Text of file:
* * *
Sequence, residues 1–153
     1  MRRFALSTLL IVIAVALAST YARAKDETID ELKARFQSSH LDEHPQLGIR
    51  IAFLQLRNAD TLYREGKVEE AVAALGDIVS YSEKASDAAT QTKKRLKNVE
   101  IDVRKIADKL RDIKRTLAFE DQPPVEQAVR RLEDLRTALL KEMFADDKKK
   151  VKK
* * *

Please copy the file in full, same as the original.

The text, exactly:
Sequence, residues 1–153
     1  MRRFALSTLL IVIAVALAST YARAKDETID ELKARFQSSH LDEHPQLGIR
    51  IAFLQLRNAD TLYREGKVEE AVAALGDIVS YSEKASDAAT QTKKRLKNVE
   101  IDVRKIADKL RDIKRTLAFE DQPPVEQAVR RLEDLRTALL KEMFADDKKK
   151  VKK